Canon's 50/1.8 has been around unchanged since the beginning of the EOS system, it's doubtful that it will even give a sharp image on a modern high resolution sensor.
11-02-2009, 06:20 PM   #90
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QuoteOriginally posted by Steve Beswick Quote
Well Pentax has produced a few lenses over the years that they should be down right ashamed of. The FAJ 28-80 comes to mind. If Pentax could sell a camera AND a 50mm f2 A series lens for $175 15 years ago they should be able to sell a 50mm f2 FA lens for $225 today and make money at it.
CPI inflation from 1994 through today would actually make that camera and lens $255.02 - but I get your point.

Pentax is capital starved and has been for decades.

Their business decisions are driven by low volume sales expectations and Pentax's loss of market share in the camera market. If they could make more profit - higher Return on Invested Capital (the be-all and end-all of business today) doing as you imagine, they would certainly do it. So much capital has been invested in electronic cameras and associated lenses - and continually must be reinvested, chasing the latest feature set - that there isn't really enough time to allow capital invested to live out a full, useful life. Products with an 18 month life-cycle mean capital has an 18 month Return cycle. Since all product decisions are marginal in nature (every product justifies itself as the last product authorized) an inexpensive lens competes for capital with all Pentax's other products. Capital being scarce, it likely is less profitable than the last product authorized.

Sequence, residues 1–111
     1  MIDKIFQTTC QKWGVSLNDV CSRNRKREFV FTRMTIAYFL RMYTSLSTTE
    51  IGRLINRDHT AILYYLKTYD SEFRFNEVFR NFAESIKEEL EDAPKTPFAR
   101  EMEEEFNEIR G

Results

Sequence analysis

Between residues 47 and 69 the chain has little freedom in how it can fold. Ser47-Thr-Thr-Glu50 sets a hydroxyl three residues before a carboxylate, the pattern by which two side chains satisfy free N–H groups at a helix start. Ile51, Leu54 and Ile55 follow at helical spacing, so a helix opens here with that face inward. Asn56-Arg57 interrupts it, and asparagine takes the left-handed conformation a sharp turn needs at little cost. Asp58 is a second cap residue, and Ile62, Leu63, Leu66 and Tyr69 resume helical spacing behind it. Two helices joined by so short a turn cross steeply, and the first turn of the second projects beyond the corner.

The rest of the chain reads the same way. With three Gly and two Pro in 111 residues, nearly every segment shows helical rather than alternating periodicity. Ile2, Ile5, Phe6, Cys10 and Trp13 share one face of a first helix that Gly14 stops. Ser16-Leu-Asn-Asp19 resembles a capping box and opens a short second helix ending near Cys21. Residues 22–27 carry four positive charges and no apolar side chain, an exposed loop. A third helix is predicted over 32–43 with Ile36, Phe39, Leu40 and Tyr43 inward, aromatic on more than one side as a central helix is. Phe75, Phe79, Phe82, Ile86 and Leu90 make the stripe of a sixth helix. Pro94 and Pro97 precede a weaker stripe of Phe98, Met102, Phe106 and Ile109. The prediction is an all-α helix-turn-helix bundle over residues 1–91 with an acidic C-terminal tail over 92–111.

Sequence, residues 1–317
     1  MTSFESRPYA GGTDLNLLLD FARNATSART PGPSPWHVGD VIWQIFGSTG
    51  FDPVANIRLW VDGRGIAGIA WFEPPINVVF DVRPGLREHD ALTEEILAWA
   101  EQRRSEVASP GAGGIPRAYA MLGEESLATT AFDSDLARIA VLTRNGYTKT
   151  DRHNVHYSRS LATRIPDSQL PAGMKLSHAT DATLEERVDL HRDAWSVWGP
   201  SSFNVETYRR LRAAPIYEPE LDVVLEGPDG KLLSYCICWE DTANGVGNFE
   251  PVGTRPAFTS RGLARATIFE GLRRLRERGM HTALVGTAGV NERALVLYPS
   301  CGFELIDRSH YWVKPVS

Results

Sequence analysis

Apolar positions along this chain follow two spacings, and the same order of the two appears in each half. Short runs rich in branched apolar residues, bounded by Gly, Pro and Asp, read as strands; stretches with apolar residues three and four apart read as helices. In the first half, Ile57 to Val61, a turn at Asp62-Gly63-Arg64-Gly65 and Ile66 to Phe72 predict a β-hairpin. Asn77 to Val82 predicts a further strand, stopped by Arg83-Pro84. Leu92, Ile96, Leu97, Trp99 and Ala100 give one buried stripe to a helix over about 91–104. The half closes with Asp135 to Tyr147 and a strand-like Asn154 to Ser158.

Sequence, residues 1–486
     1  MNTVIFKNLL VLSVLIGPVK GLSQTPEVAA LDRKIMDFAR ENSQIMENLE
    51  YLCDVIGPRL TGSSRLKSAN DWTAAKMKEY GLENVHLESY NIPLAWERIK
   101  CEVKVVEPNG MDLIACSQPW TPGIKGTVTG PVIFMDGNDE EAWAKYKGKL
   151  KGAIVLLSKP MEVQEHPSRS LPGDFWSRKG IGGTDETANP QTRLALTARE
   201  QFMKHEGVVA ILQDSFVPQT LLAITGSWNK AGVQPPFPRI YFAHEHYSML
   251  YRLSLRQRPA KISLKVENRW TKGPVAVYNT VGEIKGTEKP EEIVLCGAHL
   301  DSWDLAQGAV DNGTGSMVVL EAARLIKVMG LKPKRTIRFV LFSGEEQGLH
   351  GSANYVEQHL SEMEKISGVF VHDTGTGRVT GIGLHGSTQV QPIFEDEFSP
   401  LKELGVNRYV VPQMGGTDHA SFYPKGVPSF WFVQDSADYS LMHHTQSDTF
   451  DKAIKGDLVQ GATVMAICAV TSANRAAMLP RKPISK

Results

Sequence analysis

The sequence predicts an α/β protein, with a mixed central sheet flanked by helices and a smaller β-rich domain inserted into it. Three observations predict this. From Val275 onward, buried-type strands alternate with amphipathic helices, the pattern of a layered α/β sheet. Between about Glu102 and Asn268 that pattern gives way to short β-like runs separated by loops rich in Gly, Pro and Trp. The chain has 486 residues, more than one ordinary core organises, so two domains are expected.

Mechanical cameras and lenses made by hand (small capital investment) with inexpensive Japanese labor on bench tops (60's and 70's business model) have no relation in capital cost to modern cameras and lenses when it comes to amortizing capital costs over the life of the product. There was a reason that the K-series lenses were essentially S-M-C Taks with a different mount - the capital cost was de minimus.

M-series cameras and lenses were a reactive response to Olympus, which shocked the entire industry with the OM. Pentax was forced to allocate capital to an unplanned product - and did well but not terrifically well - they have been wounded since.

Canon invented the professional system camera just at the time glossy, National print media exploded - and cirtually created a market for hardware that didn't exist before the F1. Nikon responded in a way - Pentax never did, content to dominate studio until film died.

Businesses are not run on emotional decisions, but on rational, quantitative risk/return analysis.

I for one am quite optimistic that Hoya will build on each little K-7 and K-x victory over many years and decades, taking the long view of brand growth. Unfortunately the laws of compounding require that fast growth from a low number is at first still a low number.

Be patient - all is not visible, but all will be well.

Last edited by monochrome; 11-02-2009 at 06:33 PM.